County Durham Homelessness Jun 2016

CRASH Support of 700 Club “Changing People’s Lives”

In December 1994, a “bricks and mortar” sub-group of Darlington Housing Action Group made a public appeal for seven hundred people willing to donate £50.00 towards a new initiative for the homeless. It was calculated that this would raise enough money to purchase a small terraced house, then selling for around £35,000, which could be converted to house four or five homeless people.

More money was raised than the £35,000 target, and this gave the organisation, the 700 Club (named from the initial proposal of seven hundred donations), the opportunity to turn the dream into a much bigger reality. A partnership between a Home Housing Association, Darlington Borough Council and the 700 Club enabled the organisation to acquire two large adjoining properties on Grange Road in Darlington.

After much renovation, together they became Hope House, and in 1997 the 700 Club began to deliver services to the people of Darlington. It has been delivering services to the homeless ever since, and has added to its portfolio a second hostel, and the Lodge.

 

The need

Last year, CRASH completed a project which saw the conversion of a former Bed and Breakfast, ‘The Lodge’, into supported emergency accommodation for single homeless men and women in Darlington.

The 700 Club’s CEO Dr John Elliston approached CRASH for help to convert a former Bed and Breakfast, ‘The Lodge’, into supported emergency accommodation for single homeless men and women, many of whom have additional needs beyond accommodation (mental health, drug and alcohol problems, etc).

The solution

We assisted The 700 Club in creating 12 rooms with en-suite facilities – something that they felt would both help enhance their clients’ dignity and convey a strong sense that they matter as people.

The building is now ideal for the very complex clients with whom they work and with and will hopefully help them to provide a safe environment for more clients.

 

The help from CRASH has been invaluable – indeed without CRASH the project would never have become operational in the way that it has. The team built bridges between ourselves and the goodwill of their patrons.

Dr Elliston

CEO of 700 Club

How patrons helped

Professional expertise and advice was provided by CRASH Patron Arcadis. Fellow Patrons Dulux Trade and British Gypsum along with supporters Johnson Tiles, Twyford and Altro all donated materials.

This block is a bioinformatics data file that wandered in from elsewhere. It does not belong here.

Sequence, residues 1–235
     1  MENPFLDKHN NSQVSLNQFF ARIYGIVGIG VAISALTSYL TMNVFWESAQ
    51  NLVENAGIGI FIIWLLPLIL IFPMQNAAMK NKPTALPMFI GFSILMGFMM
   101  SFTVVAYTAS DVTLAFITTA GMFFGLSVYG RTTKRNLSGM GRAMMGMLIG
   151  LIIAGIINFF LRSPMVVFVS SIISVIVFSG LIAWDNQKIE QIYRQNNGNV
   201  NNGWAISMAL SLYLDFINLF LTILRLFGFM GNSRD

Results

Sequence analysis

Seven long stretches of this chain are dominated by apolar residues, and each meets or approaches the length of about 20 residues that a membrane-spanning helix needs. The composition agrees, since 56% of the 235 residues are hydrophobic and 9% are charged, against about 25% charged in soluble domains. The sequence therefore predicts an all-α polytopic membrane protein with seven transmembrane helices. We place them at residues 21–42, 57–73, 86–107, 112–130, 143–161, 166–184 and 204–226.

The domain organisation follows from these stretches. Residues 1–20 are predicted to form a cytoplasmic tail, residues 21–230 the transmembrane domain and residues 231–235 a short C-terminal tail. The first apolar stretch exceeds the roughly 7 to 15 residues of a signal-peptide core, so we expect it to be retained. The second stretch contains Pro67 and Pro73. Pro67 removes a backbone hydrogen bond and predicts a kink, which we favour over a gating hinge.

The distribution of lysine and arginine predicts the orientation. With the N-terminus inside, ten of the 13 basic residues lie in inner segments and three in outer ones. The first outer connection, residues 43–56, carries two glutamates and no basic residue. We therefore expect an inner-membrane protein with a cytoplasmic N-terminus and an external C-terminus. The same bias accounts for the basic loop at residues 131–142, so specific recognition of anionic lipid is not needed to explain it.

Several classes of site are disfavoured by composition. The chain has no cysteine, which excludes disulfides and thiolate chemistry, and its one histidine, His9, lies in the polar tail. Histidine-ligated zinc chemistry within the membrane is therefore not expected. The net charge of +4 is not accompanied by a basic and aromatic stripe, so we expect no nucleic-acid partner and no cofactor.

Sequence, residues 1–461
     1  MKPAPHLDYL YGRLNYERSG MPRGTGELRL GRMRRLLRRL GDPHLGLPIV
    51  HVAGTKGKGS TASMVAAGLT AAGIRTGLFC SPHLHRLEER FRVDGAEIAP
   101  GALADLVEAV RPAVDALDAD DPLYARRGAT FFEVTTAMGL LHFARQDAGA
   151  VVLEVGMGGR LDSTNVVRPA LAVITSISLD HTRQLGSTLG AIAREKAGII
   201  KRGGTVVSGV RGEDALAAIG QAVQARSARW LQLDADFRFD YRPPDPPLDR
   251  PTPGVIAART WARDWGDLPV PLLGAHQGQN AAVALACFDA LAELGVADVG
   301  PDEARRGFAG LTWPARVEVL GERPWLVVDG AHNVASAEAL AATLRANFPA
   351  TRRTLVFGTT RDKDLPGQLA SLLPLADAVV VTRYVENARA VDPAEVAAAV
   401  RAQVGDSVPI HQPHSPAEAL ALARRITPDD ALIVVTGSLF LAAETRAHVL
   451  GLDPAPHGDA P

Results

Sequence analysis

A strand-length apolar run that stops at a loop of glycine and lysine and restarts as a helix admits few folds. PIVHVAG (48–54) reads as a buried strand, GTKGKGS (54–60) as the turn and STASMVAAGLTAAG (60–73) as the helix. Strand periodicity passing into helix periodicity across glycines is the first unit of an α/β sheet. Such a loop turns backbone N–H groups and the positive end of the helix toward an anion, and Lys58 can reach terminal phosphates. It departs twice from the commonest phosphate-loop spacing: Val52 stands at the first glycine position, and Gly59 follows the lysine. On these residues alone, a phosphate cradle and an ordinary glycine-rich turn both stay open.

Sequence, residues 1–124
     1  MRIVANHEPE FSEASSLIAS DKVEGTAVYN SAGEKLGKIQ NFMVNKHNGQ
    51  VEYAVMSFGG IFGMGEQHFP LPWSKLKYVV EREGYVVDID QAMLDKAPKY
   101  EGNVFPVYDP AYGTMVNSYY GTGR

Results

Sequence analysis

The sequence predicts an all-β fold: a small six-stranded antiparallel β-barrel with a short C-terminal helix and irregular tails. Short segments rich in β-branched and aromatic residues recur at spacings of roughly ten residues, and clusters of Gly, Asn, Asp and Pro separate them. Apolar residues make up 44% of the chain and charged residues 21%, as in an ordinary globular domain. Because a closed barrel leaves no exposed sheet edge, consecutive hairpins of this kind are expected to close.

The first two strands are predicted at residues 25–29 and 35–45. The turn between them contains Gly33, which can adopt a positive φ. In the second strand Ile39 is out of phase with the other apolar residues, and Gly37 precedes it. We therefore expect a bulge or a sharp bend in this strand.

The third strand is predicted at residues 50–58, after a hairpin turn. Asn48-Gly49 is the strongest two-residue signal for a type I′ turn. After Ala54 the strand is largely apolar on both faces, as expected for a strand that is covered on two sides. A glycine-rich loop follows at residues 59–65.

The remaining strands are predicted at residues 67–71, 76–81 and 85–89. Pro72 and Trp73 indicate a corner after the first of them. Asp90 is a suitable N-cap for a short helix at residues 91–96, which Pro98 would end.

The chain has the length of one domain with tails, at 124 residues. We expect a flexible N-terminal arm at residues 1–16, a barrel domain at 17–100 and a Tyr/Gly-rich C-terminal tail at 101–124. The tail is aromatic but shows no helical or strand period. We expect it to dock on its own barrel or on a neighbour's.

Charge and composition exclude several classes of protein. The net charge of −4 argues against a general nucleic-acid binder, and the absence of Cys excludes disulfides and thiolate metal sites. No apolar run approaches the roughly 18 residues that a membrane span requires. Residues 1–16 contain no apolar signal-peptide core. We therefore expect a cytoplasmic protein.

The social impact

A Young Man’s Journey Through The 700 Club Services

P is a young male in his 20’s who has had a difficult childhood. He spent most of his days truanting from school. Subsequently P left school with no qualifications. In the 4 years following, P disclosed that he didn’t do a lot with his time and ultimately got involved with taking drugs, drinking alcohol and hanging around with the wrong crowd, which P now feels was out of boredom more than anything else.

At age 20, he was asked to leave the family home and spent the next few years sofa surfing with friends and occasionally staying out of area with his grandparents. Occasionally, he had nowhere to stay at all, and it was on one such occasion he was found by a 700 Club member of staff and was taken to the Lodge where he began his journey.

P was referred by the Lodge Staff to the 700 Club supported accommodation service via the Key Point of Access system at Darlington Council. When P moved into the hostel, at first it was difficult to engage with him, however eventually through different support techniques, he began to engage.

Working on a 1-to-1 basis P was supported to recognise the areas of his life that he needed to develop to try and help him achieve his goals of independent living and have a positive and productive life. P became very proactive in engaging with his support and quite quickly we worked with P to try and put together a plan for moving on. We needed to support P to get the other areas in his life stable and equip him with the information and skills to ensure that, if he had difficulties in the future, he would know what to do and where to go.

P moved on from the hostel service and took up a Local Authority tenancy; his support then transferred to the 700 Club Drug and Alcohol Floating Support Team. Working in partnership, as when in the hostel, needs were identified in order to help move P’s life forward in a positive way having now secured his own accommodation. Over the next few months the service maintained a close involvement with P to ensure that tenancy he kept on top financially and did not relapse into drugs or alcohol.

Before P exited the service, he was supported in attending a Warehousing & Storage Course and is now making steady progress towards gaining his Forklift Truck licence. In recognition of this, his grandparents bought him a laptop which he is using to complete his coursework. Since exiting the service, P has continued to flourish. When he finishes his training, he will get a guaranteed job interview where he hopes to secure a job in a Warehousing role.

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